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Simonato, Matheus; Azadani, Ali N.; Webb, John; Leipsic, Jonathon; Kornowski, Ran; Vahanian, Alec; Wood, David; Piazza, Nicolo; Kodali, Susheel; Ye, Jian; Whisenant, Brian; Gaia, Diego; Aziz, Mina; Pasala, Tilak; Mehilli, Julinda; Wijeysundera, Harindra C.; Tchetche, Didier; Moat, Neil; Teles, Rui; Petronio, Anna Sonia; Hildick-Smith, David; Landes, Uri; Windecker, Stephan; Arbel, Yaron; Mendiz, Oscar; Makkar, Raj; Tseng, Elaine; Dvir, Danny (2016): In vitro evaluation of implantation depth in valve-in-valve using different transcatheter heart valves. In: Eurointervention, Vol. 12, No. 7: pp. 909-917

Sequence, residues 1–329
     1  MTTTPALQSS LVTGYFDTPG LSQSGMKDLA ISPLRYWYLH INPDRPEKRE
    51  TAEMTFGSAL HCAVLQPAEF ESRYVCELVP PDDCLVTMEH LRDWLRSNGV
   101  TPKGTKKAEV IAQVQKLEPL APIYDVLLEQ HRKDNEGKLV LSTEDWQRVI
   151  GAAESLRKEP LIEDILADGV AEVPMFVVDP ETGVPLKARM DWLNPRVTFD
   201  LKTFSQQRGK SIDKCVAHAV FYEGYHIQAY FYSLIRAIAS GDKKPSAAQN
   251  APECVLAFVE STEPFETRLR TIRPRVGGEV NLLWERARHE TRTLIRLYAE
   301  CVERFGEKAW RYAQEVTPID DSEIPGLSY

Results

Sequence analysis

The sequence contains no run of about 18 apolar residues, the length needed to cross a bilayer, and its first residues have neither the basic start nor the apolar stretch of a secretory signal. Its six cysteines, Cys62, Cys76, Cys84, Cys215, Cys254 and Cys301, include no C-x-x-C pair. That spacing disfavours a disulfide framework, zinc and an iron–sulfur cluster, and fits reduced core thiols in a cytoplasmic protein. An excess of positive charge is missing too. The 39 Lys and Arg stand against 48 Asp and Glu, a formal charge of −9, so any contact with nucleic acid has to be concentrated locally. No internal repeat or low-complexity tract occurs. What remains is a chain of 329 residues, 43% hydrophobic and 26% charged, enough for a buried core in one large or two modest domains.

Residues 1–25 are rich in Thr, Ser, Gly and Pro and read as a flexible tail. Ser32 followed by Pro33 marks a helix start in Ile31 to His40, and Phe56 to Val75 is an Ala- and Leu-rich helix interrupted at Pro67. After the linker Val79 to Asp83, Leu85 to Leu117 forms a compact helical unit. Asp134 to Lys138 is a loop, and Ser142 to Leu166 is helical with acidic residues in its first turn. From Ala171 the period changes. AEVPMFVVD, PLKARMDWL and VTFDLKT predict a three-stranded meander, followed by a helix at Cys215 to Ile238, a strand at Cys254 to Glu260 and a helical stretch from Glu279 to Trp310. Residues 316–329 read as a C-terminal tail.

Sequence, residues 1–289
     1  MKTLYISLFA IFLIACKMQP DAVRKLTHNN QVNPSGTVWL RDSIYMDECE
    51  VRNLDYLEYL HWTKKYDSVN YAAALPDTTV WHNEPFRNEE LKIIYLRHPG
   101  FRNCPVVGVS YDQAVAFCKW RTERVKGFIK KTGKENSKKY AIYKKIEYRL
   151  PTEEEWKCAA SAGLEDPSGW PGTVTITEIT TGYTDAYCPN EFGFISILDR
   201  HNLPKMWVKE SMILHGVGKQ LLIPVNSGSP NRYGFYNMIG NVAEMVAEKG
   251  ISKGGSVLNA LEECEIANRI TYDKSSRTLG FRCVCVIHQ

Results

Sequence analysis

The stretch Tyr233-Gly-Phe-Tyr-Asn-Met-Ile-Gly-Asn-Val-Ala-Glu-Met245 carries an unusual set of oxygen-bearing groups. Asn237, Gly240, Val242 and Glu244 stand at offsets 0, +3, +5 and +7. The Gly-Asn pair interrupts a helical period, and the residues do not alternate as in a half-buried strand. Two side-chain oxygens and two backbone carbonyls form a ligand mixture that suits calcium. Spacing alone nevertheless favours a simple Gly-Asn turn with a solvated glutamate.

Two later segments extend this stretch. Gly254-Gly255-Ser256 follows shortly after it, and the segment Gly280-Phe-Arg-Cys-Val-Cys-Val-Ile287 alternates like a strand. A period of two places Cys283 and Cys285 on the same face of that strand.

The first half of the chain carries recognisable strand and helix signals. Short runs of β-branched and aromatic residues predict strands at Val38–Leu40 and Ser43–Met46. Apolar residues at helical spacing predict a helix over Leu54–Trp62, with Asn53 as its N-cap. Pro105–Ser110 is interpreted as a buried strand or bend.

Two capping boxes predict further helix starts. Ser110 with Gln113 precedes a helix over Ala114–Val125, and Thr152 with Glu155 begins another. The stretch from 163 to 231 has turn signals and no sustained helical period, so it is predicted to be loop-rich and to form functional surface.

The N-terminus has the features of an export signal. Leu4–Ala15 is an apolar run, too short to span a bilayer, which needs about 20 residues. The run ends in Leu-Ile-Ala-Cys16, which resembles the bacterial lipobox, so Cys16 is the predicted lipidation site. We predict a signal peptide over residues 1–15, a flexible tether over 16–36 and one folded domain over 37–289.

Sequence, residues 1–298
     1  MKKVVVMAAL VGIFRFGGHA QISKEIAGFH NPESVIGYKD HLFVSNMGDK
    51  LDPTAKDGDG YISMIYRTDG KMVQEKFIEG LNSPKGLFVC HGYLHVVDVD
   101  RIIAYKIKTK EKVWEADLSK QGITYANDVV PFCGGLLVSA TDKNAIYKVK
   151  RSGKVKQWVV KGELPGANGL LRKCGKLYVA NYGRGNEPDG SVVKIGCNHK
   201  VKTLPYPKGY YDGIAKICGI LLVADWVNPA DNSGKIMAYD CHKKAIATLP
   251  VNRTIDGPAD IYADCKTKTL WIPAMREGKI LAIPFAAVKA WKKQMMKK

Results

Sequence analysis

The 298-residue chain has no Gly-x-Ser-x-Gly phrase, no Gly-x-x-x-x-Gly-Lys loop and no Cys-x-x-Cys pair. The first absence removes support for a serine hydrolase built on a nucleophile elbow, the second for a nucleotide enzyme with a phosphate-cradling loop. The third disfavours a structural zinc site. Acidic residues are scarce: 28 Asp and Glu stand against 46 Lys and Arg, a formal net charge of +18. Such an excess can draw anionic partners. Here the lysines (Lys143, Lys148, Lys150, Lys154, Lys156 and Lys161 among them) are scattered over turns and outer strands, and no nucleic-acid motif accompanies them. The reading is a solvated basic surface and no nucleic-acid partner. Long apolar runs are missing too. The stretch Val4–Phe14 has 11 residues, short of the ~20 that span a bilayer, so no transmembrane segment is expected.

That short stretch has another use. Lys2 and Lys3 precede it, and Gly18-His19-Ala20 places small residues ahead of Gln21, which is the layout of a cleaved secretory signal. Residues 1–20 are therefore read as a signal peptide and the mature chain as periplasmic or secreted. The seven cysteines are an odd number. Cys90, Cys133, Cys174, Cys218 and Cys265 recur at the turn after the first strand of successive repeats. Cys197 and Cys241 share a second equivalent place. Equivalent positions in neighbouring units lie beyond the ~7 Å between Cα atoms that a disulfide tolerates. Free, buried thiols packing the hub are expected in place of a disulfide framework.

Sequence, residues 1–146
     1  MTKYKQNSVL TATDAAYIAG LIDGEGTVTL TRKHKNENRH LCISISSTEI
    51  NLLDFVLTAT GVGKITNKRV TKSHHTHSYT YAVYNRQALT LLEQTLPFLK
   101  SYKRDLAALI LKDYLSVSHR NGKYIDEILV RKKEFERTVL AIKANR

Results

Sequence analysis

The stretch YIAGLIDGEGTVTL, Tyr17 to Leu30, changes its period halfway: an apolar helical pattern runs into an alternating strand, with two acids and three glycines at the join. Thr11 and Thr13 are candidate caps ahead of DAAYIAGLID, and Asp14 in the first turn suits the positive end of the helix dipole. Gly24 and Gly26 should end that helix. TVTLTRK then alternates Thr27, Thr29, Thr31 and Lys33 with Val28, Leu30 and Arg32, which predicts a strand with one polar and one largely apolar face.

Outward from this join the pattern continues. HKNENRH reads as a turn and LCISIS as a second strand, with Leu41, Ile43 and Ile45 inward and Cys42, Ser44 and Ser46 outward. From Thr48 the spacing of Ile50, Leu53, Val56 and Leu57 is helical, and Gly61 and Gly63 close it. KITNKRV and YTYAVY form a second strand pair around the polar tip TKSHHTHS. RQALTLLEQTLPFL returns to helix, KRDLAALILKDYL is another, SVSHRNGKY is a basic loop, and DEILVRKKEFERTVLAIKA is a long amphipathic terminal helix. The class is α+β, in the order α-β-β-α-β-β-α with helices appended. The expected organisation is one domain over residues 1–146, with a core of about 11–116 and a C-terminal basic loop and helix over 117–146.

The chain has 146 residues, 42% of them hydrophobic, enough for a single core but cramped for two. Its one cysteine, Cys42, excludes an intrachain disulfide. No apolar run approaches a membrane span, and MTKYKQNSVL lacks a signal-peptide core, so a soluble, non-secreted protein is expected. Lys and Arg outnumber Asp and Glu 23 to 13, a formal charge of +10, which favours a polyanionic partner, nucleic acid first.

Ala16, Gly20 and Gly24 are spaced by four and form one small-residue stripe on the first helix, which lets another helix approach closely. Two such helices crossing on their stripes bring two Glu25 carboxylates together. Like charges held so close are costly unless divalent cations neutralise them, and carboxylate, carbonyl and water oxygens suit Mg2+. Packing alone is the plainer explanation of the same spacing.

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Aims: Transcatheter heart valve (THV) implantation in failed bioprosthetic valves (valve-in-valve [ViV]) offers an alternative therapy for high-risk patients. Elevated post-procedural gradients are a significant limitation of aortic ViV. Our objective was to assess the relationship between depth of implantation and haemodynamics. Methods and results: Commercially available THVs used for ViV were included in the analysis (CoreValve Evolut, SAPIEN XT and the Portico valve). THVs were implanted in small surgical valves (label size 19 mm) to simulate boundary conditions. Custom-mounted pulse duplicators registered relevant haemodynamic parameters. Twenty-eight experiments were performed (13 CVE, 5 SXT and 10 Portico). Ranges of depth of implantation were: CVE:-1.2 mm to 15.7 mm;SXT:-2.2 mm to 7.5 mm;Portico: 1.4 mm to 12.1 mm. Polynomial regression established a relationship between depth of implantation and valvular mean gradients (CVE: p<0.001;SXT: p=0.01;Portico: p=0.002), as well as with EOA (CVE: p<0.001;SXT: p=0.02;Portico valve: p=0.003). In addition, leaflet coaptation was better in the high implantation experiments for all valves. Conclusions: The current comprehensive bench testing assessment demonstrates the importance of high device position for the attainment of optimal haemodynamics during aortic ViV procedures.